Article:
With the recent graduation of my oldest niece, I feel like I have been brought full steam ahead into college prep mode. My son will be a junior next year, and while we still have plenty of time for planning and decision making, I want to give him the opportunity to make the best decision possible.
Even though I’ll be providing him with resources, I want him to take ownership of the path before him. Since we won’t be paying his way, I also don’t want to strap him with debt in trying to make his career dreams possible. In order to accomplish this, he will need time and strategic planning to make the dream a reality.
As we journey towards launching our first, I’ll be sharing what we learn along the way. This will serve as a landing page for all of our College Bound resources.
Colleges to Visit:
We’ve started with looking at different local universities. Since we live in the DFW metroplex, there are plenty of options to choose from! My son is interested in studying linguistics, but could also be open to getting his undergraduate degree in Latin. He’s thinking that he’ll probably need to continue his education and get a masters to follow through with what he’s interested in doing.
With that being said, most of our selections are liberal arts colleges with a classics department. We are trying to make the most of our college visits. As we visit each school, I’ll update you with our reaction to the school.
- University of Dallas
- Austin College in Sherman, TX
- Southwestern University in Georgetown, TX
- Trinity University in San Antonio, TX
- Northeastern University in Boston, MA
- Boston University
- University of North Texas in Denton, TX
- Texas Tech University in Lubbock, TX
- Houston Baptist University
- University of Texas in Arlington
One reason I want to start visiting early is that I want to give my son a vision for what he needs to be saving for to pay for college. When I say “pay for college,” I’m talking about finding creative financing that accesses all of the free money possible before he starts thinking about taking out loans. There is no guarantee that the field he wants to go into will support paying off years of student loans. Therefore, I want to help him find success in financing his dreams.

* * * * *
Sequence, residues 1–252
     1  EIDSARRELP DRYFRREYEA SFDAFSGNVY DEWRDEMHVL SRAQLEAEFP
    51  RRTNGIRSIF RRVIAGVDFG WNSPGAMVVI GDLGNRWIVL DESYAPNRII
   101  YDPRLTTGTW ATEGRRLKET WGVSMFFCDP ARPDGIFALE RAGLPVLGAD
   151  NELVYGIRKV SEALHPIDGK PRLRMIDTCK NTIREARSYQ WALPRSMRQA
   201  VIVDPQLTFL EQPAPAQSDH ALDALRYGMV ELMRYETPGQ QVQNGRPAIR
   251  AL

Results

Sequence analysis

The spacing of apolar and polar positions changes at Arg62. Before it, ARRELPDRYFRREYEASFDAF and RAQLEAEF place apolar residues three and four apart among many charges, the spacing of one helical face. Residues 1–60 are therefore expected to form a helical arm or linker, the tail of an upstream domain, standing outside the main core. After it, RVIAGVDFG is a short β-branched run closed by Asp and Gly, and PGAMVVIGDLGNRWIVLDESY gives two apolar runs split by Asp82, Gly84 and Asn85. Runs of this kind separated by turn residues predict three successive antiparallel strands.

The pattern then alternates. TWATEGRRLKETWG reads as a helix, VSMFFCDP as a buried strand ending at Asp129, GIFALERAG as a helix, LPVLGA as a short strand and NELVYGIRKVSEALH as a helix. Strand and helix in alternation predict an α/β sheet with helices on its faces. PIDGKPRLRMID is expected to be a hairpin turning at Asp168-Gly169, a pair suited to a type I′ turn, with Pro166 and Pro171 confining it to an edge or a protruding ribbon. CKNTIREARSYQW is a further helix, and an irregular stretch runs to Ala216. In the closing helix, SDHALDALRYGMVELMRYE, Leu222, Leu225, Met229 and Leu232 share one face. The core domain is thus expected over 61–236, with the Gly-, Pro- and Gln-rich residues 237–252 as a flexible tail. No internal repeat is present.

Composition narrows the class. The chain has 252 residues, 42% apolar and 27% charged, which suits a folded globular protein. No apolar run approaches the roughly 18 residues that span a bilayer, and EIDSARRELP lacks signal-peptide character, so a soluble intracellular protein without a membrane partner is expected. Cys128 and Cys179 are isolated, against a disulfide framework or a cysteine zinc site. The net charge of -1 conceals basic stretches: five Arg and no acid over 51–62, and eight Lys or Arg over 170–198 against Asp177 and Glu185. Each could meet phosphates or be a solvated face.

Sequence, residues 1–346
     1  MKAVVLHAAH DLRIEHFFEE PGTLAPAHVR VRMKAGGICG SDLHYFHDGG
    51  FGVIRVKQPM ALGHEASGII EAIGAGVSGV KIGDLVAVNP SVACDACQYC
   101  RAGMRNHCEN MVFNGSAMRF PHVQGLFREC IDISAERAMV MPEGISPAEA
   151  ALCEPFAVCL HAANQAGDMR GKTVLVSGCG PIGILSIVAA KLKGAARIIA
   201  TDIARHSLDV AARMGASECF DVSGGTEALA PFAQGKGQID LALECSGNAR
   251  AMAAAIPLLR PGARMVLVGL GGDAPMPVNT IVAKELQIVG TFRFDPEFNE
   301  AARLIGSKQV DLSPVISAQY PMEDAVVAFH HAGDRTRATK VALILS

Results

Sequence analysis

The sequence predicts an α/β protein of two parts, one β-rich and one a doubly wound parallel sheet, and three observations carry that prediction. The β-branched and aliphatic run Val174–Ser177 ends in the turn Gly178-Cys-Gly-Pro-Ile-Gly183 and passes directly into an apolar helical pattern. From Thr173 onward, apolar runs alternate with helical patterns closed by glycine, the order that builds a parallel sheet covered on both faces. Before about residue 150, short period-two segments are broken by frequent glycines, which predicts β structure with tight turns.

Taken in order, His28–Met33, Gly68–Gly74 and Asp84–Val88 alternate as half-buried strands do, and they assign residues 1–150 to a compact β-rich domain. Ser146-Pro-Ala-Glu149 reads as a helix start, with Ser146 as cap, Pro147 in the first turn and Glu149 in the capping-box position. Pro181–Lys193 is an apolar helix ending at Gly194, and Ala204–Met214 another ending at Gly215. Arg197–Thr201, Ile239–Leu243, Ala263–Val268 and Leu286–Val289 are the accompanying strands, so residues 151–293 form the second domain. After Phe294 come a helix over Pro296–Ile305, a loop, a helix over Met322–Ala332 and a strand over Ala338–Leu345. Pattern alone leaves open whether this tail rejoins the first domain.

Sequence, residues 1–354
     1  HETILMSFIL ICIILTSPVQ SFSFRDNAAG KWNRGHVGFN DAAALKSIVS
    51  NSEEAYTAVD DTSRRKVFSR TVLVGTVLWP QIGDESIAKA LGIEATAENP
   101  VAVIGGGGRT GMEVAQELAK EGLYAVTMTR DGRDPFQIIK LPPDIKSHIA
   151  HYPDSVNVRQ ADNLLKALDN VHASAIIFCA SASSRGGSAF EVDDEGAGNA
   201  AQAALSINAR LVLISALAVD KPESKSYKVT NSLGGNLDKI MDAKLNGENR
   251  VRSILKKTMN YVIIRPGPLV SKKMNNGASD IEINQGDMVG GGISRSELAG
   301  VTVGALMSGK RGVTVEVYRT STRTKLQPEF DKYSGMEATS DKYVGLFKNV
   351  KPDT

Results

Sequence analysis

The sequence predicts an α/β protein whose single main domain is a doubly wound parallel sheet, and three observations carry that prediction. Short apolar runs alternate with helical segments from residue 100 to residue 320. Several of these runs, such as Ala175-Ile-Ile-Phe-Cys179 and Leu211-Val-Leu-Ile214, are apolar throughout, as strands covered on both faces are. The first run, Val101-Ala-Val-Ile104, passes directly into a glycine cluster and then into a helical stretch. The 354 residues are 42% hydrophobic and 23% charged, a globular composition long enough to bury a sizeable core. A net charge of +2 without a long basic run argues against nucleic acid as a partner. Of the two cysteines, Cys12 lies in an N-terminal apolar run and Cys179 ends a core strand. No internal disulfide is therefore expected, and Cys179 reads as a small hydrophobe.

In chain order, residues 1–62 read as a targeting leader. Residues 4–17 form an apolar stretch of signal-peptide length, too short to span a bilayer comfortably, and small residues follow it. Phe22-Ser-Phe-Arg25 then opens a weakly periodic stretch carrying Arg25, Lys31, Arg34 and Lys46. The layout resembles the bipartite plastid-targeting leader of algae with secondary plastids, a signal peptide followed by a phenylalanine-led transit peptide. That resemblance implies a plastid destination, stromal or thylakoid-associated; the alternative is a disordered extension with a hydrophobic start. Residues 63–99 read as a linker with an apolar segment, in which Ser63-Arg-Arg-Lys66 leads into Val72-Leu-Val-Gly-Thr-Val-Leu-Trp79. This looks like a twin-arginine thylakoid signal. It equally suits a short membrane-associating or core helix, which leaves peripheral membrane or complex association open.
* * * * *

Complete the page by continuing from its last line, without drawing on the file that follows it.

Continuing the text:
Unfortunately, my blog isn’t bringing in the big bucks to afford some of these incredibly high sticker prices on colleges. Since we’ve started our college search, we’ve learned that many private schools offer great scholarship packages. He’s also working on getting his SAT score up so that he can get the most money they’re offering. As we research more, I’ll share our findings with you! I’d love to hear your creative ways to get college for free!
- SAT Prep
- Scholarship Search
- Federal Aid
- Working to Save For College
Getting Ready to Apply
College applications require preparation, organization, and time. We’re working on getting some of the basics ready so that we can take it slow and steady. I’m not the kind of girl that likes to find myself in the eleventh hour scrambling around to find all of this information (or remember it!). Here’s what’s on my bucket list:
- High School Transcript
- Compile a Book List from our studies
- Volunteering opportunities
- Social Media and College Admissions
- Building a résumé
Leaving Home With Life Skills
I want my son to live on campus. It sounds a bit crazy knowing he could save a lot of money living locally, but I think it’s important to get out of your comfort zone and learn to live with people outside of your family. Here’s what we’re working on at home:
- Laundry skills
- Cooking skills
- Cleaning skills
- Money Management
- Entrepreneurial Pursuits
Firm Foundation of Faith
Above all, before my son leaves, I want him to have the best foundation for his faith that my husband and I can give him. It won’t be perfect, but we want to be intentional with him and finish strongly this leg of the race.
- Fostering His Faith Not Fear
- 10 books my son needs to read before he leaves home
- Shaken Bible Study by Tim Tebow
- Having a Quiet Time
As our kids get older and ready to leave the nest, it’s easy to let them go too early. Of course, different children require different kinds of help in launching. I might accomplish much of this with my son, and my daughter that follows won’t need my help in any of it because she’s just a different personality. Either way, launching that arrow out of the quiver successfully requires my care and attention. I want to give him the best I have to offer and let God work through all of my flaws and inadequacies.